The State School Teachers decision of 1929 was recently overturned in the High Court (June 1986) thereby opening up the possibility for federal teachers organizations to obtain registration in the federal arbitration system, and eventually obtain one or more federal awards. The 1929 decision by the High Court of Australia was a significant decision in education and industrial relations, because it prevented state teachers and other public employees obtaining access to federal awards for the next 54 years. The decision, however, was veiled in unsettled legal argument, because the High Court overturned much of its expansive thinking of the 1918–25 period. Later generations of academic lawyers described the decision as a ‘bad one’ or ‘an anomalous decision’, but they and the current High Court failed to give any satisfactory explanation of why the Court had reached its decision. This paper offers such an explanation, arguing that the decision was not based on law (or the educational situation) but on the High Court's perceptions of the politics of federal-state relations in the period. The state teachers who had asked for a High Court ruling on the application of the Commonwealth's industrial relations powers (section 51 XXXV of the Constitution) to their work and employment were thus dragged momentarily onto the centre stage of Australian politics and law. They found themselves denied access to a federal award because the High Court felt that the federal arbitration ‘experiment’ had caused too much embarrassment to the federal system of government.
The identification and discussion of general trends in an education system is difficult if only single variables are considered. A synthesis of the comments made by a diversity of variables provides a more reliable and valid basis. The paper demonstrates a methodology through which significant and meaningful patterns of change can be identified. These patterns can then be interpreted in terms of the political, social and economic contexts of the years to which they pertain. Data for the NSW education system have been used for the longitudinal analysis and they cover the period 1950 to 1975. Patterns in system inputs are identified and discussed separately from patterns in system processes.
The emergence of Federal aid to schools is probably the most important single development in Federal education policy since World War II. This paper seeks to explain the origins of the Federal science laboratories scheme, the controversial and crucial precedent which paved the way for the rapid acceleration of Federal aid to schools in the decade after 1963.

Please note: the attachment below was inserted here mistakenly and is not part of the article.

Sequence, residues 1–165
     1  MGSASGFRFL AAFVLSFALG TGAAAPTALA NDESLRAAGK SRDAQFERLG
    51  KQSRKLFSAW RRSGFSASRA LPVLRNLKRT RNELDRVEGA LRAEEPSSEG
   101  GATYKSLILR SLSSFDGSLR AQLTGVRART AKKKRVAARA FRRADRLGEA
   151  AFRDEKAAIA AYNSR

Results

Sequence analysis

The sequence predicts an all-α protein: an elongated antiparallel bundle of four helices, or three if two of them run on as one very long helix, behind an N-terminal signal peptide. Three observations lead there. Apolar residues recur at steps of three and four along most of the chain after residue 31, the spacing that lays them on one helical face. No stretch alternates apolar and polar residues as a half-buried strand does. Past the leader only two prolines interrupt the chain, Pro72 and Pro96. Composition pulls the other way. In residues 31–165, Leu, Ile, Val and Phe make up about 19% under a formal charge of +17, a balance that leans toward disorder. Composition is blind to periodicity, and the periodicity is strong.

In this paper, twenty-eight recent research studies on inquiry teaching in social studies and the social sciences are reviewed. Although a number of statistically significant results were claimed by the respective researchers, methodological deficiencies in many of the studies greatly reduce the importance of their efforts. Reference is made to a number of research deficiencies, including unsuitable evaluation instruments, lack of comparability of groups, lack of comparability of tasks and instructors for experimental and control groups and inadequate research designs. Although inquiry teaching has become widely espoused as a teaching method in schools, there are few substantial research studies to support its superiority over other teaching methods.
A survey of trainee teachers' attitudes to teaching and to training is reported for a three-year sample of trainees at the University of New England. Retrospective attitudes to teaching indicate that only a third of intending teachers have a definite wish to teach at the time of recruitment and at the time training commences. At the conclusion of training about half plan to leave teaching as soon as possible. Sex differences in attitudes and MTAI scores are reported. The need for a training format to deal with trainee attitudes is stressed, and the unseasonability of recruitment policies is explored as an aspect of negative attitudes in trainees.
Lorenz curves and Gini coefficients of concentration are used to measure the extent to which school places are uniformly distributed between provinces in Papua New Guinea. Enrolment and school age population data for 1972, 1975 and 1978 are used. For both primary and secondary places, the distribution has become significantly more uniform over the period studied. This is in keeping with PNG's planning objectives to spread educational opportunity more evenly throughout the country.
This paper is a critical historical review of the development of school computing policy primarily in the Victorian secondary state school system. As Victoria is linked to the national computer education program, relevant developments at that level are also explored. Computer technology is conceptualised as a social phenomenon and policy development as both a historical and political process. Policy development is located within the context of the development of microcomputer technology and of teacher relationships to that technology. In the early stages of policy development, the rudiments of a critical social perspective on technology are apparent. In the Victorian policy, this perspective became marginalised during the policy process. The orientation towards a broad social concept of technology was displaced by an instrumental framework in which computers were conceived as an unproblematic set of tools and associated techniques.
This follow-up study of 275 university freshmen confirmed that the final secondary examination, the Higher School Certificate, is a moderately good predictor of university success. Of the other variables studied (satisfaction with university and various personality measures) only a study habits score contributed further to the prediction of university performance. (Author/SJL)